Over 50,000 U.S. troops and over a thousand teachers were sent and dispersed around the country to pacify the Filipinos. Majority of them were White and only a few were African Americans. Carter G. Woodson was one of the teachers who went on to become the founder of “Journal of Negro History” and pioneered the celebration of “Negro History Week,” the precursor of “Black History Month.”

Woodson’s 4-year stint (1903-1904) opened his eyes to the irony of why he was there and found it oppressive - to teach Filipinos using a template that was already in use to miseducate African Americans back in his homeland. His observations in the Philippine setting helped solidify his understanding of “The Mis-Education of the Negro,” a thesis that Black people of his day were being indoctrinated rather than being taught, in American schools.

“The mere imparting of information is not education, “ he wrote. “Above all things, the effort must result in making a man think and do for himself.” Still from Woodson on colonial mentality, “When you control a man’s thinking you do not have to worry about his actions. You do not have to tell him not to stand or go yonder. He will find his ‘proper place’ and will stay in it.”

“The same educational process which inspires and stimulates the oppressor with the thought that he is everything and has accomplished everything worthwhile, depresses and crushes at the same time the spark genius in the Negro (or the Filipino Indio) by making him feel that his race does not amount to much and never will measure up to the standards of other people.”

Colonial curriculum purposely avoided teaching Philippine history, Filipino languages, and its culture. Instead, it successfully transformed a nation unsure of its identity, ancestry and culture. Those who resisted the regime like the Moros of Mindanao and the indigenous peoples of the north, indeed ended up preserving most of their cultures. Today, Filipino colonial mentality is on autopilot and is still very pervasive.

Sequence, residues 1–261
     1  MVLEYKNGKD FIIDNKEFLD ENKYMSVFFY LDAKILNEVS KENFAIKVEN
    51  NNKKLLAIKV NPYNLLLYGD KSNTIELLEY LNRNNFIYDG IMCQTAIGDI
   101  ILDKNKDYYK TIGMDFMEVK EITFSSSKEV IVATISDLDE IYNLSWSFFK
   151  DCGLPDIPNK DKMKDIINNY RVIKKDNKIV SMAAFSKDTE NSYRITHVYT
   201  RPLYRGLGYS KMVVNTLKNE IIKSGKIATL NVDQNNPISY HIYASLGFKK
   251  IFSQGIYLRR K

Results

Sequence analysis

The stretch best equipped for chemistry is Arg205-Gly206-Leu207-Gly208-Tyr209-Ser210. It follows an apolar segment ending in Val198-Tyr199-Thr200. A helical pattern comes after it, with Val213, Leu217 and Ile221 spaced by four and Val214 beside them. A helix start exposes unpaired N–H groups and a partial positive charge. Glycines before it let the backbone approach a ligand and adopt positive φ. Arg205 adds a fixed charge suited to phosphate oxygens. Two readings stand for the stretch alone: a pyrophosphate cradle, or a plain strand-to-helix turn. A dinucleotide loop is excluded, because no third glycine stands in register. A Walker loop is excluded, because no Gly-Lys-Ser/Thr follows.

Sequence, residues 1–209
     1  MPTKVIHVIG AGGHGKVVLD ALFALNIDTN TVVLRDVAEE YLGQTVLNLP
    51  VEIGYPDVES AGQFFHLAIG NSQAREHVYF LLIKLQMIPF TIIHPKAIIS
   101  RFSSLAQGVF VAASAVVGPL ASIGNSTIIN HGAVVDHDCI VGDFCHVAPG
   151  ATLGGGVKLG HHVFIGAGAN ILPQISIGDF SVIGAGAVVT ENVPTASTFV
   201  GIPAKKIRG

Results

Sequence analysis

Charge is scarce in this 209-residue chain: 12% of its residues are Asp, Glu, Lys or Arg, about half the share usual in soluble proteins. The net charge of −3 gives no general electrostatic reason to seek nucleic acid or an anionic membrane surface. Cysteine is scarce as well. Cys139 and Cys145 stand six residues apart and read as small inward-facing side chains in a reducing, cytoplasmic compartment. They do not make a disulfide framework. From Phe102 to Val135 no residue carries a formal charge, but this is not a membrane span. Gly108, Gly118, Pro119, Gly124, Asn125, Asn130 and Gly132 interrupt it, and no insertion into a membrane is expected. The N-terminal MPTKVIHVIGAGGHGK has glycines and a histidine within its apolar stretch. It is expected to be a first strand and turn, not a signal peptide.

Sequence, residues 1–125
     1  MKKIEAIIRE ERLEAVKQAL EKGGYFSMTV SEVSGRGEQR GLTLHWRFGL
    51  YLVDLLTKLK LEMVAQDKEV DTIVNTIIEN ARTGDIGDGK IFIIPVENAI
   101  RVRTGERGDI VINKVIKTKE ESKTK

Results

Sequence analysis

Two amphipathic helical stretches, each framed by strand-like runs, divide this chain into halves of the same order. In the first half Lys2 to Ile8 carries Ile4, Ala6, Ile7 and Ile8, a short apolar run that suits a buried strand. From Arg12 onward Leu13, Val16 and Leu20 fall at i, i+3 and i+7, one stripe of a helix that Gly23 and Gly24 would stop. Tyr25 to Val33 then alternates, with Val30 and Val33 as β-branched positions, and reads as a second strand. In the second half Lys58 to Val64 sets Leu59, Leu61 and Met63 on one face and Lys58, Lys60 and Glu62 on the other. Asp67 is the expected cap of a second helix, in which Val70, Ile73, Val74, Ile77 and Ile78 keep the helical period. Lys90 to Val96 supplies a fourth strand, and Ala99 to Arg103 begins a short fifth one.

Woodson, who recognized the irony of such racist service, was not alone. There were also the “Buffalo Soldiers” who were deployed to the Philippines long before Woodson volunteered to join the Thomasites. Regiments of Buffalo Soldiers that were authorized by the U.S. Congress to fight the American Indian Wars, and later the Spanish American War, were deployed to the Philippines for their brutal expertise.

Many of them were Medal of Honor recipients for their wartime campaign successfully seizing lands from the native American Indians. Ironically, the Buffalo Soldiers joined the U.S. Army to gain their freedom from slavery but in the process, ended up becoming slave masters themselves, denying the natives their freedom.

Such a contradiction was not lost among African American soldiers who deployed to the Philippines to prosecute the bloody American war against Spain but ended up fighting for the “enemy.” The Balangiga Massacre turned a town in Samar into a “howling wilderness.” Concentration camps where waterboarding and torture of captured “insurrectos” were conducted proved too much for Sergeant David Fagen and seven other Buffalo Soldiers who deserted their units and joined the local resistance movement.

Backlash from White officers caused Privates Edmond DuBose and Lewis Russell to be publicly hanged to serve as examples to others who were contemplating desertion. Fagen was eventually caught, demoted to private, tried, found guilty of treason and sentenced to death by hanging but was dishonorably discharged instead.

This year’s theme of “Black Resistance,” to “highlight how Black Americans have fought against racial inequality” extends to the African American resistance during the colonial period in the Philippines.